A Caribbean Esscential

A Caribbean Esscential

Sunday, August 25, 2019

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SO. .. here's the back story. I was gifted a beautifully packaged gift by my Beloved, who resides in Trinidad. The one trait (not sure if there are any others worthy of mention) she got from her mother is a passion for shower gels, lotions, sprays and perfumes. I opened the box and remarked at the attractive containers. That said, they were dutifully lined up against the many other exquisite bathroom gems.

Rushing one morning and, sans glasses, I reached for what ought to have been Jo Malone. It smelt different, but hey!

The smell lingered all day and the compliments were effusive and in abundance. Glasses on, I made it my duty later that evening to examine the bottle. It read Immortelle Beauty Esscentials Sheer Moisture Spray Oil. The fragrance was Gardenia Morning Mist made in Trinidad & Tobago by Immortelle Beauty Ltd. #20 Geridot Drive, Diamond Vale, Diego Martin. It's been my signature scent since. Beloved is suitably chuffed that I am obsessed with her gift which also includes the body lotion and shower gel.

The next stop was to track down the individual and the story behind the product. Thankfully it was not that hard!

If the name Kathryn Nurse, creative director/CEO, Immortelle Beauty Ltd (out of Trinidad & Tobago) does not ring a bell, that's okay; it soon will.

Style Observer (SO): Immortelle Beauty was founded in 2010 to create “little local luxuries.” What exactly was the thinking behind that tagline?

Kathryn Nurse (KN): It's been a frustration of mine that as Caribbean customers we naturally expect foreign products to be superior to ours in quality and presentation. The words “local” and “luxury” rarely ever go together and I wanted to challenge that and give us something that we could really choose to be proud to call locally made. Something to show off! So when it comes to the formulation I try to make them as luxurious as possible with wonderful fragrances and decadent textures, while still maintaining an affordable price point.

We try to apply this across all three of our lines, our flagship Esscentials line: our pedicure line, Foot Rehab, and our luxurious home fragrance line of candles and diffusers as well. Packaging and presentation are always at the forefront of our minds. I am always asking myself, how can I present this in the most beautiful way possible? The hope is that eventually our consumers come to expect this standard from our local brands across the board.

SO: How much of your dream to create a beauty line has been realised?

KN: Very little! My dreams are so big but the pathway there isn't super-clear yet. I want to be producing make-up and colour cosmetics, I want a full skincare line. I foresee Immortelle Beauty branded spa retreats up and down the region. I originally thought things should happen very quickly, but now I am learning to take my time and enjoy the process to getting there more.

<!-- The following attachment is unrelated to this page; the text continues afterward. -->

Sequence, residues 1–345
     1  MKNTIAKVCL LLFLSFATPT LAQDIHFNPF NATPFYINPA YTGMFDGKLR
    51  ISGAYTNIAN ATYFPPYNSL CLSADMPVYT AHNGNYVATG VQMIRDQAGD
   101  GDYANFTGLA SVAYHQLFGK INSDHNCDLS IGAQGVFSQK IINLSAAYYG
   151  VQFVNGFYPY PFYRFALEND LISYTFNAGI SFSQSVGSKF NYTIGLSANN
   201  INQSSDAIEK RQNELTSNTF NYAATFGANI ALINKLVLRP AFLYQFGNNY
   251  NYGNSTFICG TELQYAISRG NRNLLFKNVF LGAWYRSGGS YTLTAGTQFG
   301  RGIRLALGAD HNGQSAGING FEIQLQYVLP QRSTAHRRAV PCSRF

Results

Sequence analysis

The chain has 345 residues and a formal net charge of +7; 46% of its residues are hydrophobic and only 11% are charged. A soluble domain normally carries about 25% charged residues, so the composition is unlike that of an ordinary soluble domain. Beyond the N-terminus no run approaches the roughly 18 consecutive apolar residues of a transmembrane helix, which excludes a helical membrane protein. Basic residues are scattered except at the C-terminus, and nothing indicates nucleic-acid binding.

SO: How did you prepare yourself to helm Immortelle Beauty?

KN: I studied biology at George Washington University, but went straight into a cosmetic chemistry lab right out of university, so I trained as a formulation chemist. After that, I went back to school (International Fashion Academy Paris/ Polimoda) to get a Master's in Luxury Brand Management so I could see where there were synergies between large-scale, high-end branding and local product manufacturing.

SO: What was the first product to hit the shelves?

KN: The first Immortelle Beauty product to hit the shelves was our Foot Rehab system, a wonderful indulgent at-home pedicure kit, which we still sell today.

SO: What was consumer response like?

KN: So it turns out…people aren't that excited by foot products! I always joke that the feedback has changed throughout the years. First, it was my father forcing people to buy the product. Then over time people would use it and they would come back and tell me, “You know, I tried those products I bought and they were actually really nice!” It's only in the past few years that I have excited customers actively seeking me out and being advocates of the brand. It's been quite a journey.

SO: How much trial and error took place?

KN: When it comes to the formulations I have strong personal intuition attached to the chemistry so the product development actually doesn't take a lot of trial and error. The trial and error parts come in the business management and marketing functions of the job for me. Is this the correct pricing for this item or do I need to adjust? I sometimes release things that I think would be great sellers, which they are, and then I realise that they make me no profit, and how do I manage customer expectations going forward? Time also flies really, really fast in an entrepreneur's calendar and so there's a lot of going back and readjusting annual goals when you realise that maybe you were a little over- ambitious. But then there's also a lot of unexpected great things that happen as well, such as the opening of my first retail location, The Immortelle Beauty Bar, at the Normandie Hotel in Port of Spain this year. That was an opportunity that appeared completely out of nowhere and a welcome surprise.